Blast From the Past: Honoré de Balzac's New English Release, <i>Treatise on Elegant Living</i>

If Mark Twain thought clothes made the man, Honoré de Balzac seemed to believe they made the creative demigod.
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If Mark Twain thought clothes made the man, Honoré de Balzac seemed to believe they made the creative demigod. In his Treatise on Elegant Living, he outlines the rules of elegantology, with particular focus on the artist with panache who soars far above the uncouth, earthly masses. Only recently released for the first time in English, the Treatise (1830) paved the way for two other foundational texts of the francophone dandy tradition -- Jules Barbey d'Aurevilly's On Dandyism and George Brummell (1845) and Charles Baudelaire's The Painter of Modern Life (1863).

That Balzac sets forth this thin volume -- that reads like the fragmented diary of an unhinged elitist -- as a sourcebook of style lends the text a rollicking dose of unintentional humor. The most amusing part, however, is that it's written by what one chronicler of dandyism (Captain Gronow) describes as a failed fashionophile, who "dressed in the worst possible taste, wore sparkling jewels on a dirty shirt front, and diamond rings on unwashed fingers." Yet this doesn't mean that the Treatise is without its charms. With its snobbery and inconsistencies, the book is like a peevish aunt that you love in spite of yourself.

Although it came before Baudelaire's and d'Aurevilly's, Balzac's text doesn't project a sense of authority, but rather seems to be haunted by the author's fear that he's not quite right for the job. The Treatise veers between the insecure pompousness and pompous insecurity of a man who dons bling on dirty fingers and then sets out to create the urtext of social seemliness. He expresses concern that he may not be at the right level of society to merit his work (noting that "more than one elegantologist would have perhaps been able to write, deduce, or link together in a better fashion" his premises) even as he scoffs that the man of low rank "has no more right to ask God for an explanation for his fate than does an oyster." (I shudder to think what shellfish comparison the social justice seeking ladyfolk would receive from our scholar of elegance.)

The principal way that Balzac's insecurity manifests itself is in his obsession with the completeness of his theories (again, slightly humorous in a text that caps off at just over 100 pages). He compares "inelegant" men to decimals as though being gauche makes them less than whole, "not quite zeros and not altogether numerals." Ostensibly as a result of his fear that they are flimsy, Balzac strives to elevate his ideas to the level of a science or religion by dressing them up in proofs and doctrine. Consequently, he portrays what's in vogue not as a fleeting superficiality, but as a creed with followers that worship at the altar of the visually pleasing. Clearly, in keeping with the highfalutin ring of elegantology, other terms must undergo a makeover. Daily attire is considered under the heading of clothingonomy and duly analyzed as part of a fashionologue. Similarly, his work is not merely a book, but an aristocratic encyclopedia.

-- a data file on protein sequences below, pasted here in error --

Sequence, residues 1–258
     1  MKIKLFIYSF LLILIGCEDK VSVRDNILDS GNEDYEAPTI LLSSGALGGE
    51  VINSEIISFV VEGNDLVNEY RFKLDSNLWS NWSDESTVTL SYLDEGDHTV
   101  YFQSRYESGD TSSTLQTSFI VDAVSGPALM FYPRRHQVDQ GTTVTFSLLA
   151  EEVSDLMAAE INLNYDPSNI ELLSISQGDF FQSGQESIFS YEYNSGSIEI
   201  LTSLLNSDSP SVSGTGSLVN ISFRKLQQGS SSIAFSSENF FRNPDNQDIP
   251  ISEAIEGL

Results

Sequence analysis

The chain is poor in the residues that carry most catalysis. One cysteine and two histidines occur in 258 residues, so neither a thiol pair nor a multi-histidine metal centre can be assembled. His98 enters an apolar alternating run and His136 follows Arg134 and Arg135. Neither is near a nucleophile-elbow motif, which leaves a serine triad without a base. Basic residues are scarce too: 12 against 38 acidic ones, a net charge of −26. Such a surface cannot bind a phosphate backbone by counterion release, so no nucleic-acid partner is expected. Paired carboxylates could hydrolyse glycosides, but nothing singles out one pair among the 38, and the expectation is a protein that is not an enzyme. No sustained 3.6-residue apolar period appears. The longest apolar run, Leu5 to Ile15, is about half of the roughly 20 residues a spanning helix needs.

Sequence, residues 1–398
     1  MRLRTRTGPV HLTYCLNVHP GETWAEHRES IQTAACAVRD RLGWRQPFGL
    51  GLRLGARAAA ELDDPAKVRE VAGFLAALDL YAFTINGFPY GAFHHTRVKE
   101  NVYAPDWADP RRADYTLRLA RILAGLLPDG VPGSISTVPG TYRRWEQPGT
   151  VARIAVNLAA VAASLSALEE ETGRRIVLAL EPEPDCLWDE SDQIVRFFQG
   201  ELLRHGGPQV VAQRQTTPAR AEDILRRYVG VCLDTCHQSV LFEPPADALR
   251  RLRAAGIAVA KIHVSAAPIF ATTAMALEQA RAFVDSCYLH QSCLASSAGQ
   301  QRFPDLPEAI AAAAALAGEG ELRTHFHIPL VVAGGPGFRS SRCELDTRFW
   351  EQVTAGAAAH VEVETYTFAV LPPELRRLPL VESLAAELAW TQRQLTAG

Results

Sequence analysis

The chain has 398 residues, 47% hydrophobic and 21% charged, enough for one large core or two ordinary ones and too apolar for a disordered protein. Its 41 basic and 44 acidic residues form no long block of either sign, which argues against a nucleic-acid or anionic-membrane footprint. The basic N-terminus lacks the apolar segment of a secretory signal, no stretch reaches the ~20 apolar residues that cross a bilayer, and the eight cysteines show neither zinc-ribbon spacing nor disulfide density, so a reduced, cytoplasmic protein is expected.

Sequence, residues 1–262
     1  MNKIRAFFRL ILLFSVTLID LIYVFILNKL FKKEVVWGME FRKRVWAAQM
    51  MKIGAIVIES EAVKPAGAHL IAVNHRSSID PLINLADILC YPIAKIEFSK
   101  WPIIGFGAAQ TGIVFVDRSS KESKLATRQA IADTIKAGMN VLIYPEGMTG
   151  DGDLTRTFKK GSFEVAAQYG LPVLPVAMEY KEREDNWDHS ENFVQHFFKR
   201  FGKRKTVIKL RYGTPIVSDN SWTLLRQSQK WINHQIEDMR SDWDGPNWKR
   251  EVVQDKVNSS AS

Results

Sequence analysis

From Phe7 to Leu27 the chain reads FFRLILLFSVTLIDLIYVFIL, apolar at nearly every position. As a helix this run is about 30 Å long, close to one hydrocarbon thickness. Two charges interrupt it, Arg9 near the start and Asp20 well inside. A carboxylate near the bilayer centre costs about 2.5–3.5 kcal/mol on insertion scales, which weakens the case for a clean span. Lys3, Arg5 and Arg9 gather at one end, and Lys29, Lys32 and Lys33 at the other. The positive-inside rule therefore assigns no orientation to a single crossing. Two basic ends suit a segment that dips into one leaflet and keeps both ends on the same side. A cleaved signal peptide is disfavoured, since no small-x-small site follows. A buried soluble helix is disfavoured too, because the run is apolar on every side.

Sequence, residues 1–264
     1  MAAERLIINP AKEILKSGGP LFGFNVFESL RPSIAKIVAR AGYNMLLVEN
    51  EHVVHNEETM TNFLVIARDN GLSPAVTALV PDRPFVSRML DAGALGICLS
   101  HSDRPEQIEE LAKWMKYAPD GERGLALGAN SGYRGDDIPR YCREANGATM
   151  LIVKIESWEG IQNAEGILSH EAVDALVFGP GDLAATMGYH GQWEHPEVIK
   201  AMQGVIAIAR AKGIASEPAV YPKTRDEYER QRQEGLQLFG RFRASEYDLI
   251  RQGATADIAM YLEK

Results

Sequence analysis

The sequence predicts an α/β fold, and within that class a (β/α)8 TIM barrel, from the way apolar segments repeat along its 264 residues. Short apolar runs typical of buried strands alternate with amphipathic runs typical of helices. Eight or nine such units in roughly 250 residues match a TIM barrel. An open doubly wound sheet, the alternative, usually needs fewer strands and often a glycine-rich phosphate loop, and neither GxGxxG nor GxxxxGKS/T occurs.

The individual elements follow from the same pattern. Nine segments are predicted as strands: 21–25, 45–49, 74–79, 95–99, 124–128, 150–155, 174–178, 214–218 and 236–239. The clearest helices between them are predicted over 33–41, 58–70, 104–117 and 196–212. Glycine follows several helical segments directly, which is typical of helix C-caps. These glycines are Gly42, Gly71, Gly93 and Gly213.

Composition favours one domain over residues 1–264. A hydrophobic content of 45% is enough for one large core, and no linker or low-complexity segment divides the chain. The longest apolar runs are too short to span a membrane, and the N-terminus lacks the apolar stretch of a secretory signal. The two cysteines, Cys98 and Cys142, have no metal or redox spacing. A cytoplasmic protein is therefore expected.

As the demon of uncertainty grows nearer, Balzac pens still more unbalanced equations of elegance that grow progressively more puffed up until, finally, fashion becomes, "one, indivisible, like the Trinity, like liberty, like virtue." As a final touch, he plays ventriloquist, couching his beliefs in the royal "we" of Balzac and Brummell. One of the founding fathers of the fashionable in early 19th century England, Brummell is the titular dandy from the Baudelaire's aforementioned text. Balzac's imagined conversation (filled with inaccuracies, according to its translator, Napoleon Jeffries) with this consummate man of style forms the backbone of his manifesto. Apparently, Balzac felt the need for someone to back him up, so he invented his own version of Brummell.

Possibly, the drolly uneven tone of the Treatise can be attributed to what its translator dubs the difficulty of democratizing "a way of living that cannot be taught or studied;" or maybe the impasse derives from Balzac's attempt to exclude others from a way of life that he couldn't fully call his own; or perhaps everything got too complicated when he tried to anatomize the thoughtful fashion plate, to reconcile the profound and superficial spheres of the male artist -- addressing at once his thoughts and his togs. Regardless of why it is, our author appears to be consistently flummoxed by his own creation. Yet, luckily for us, nobody does flummoxed with quite the same cleverness, charm and, yes, elegance, as Monsieur Balzac.

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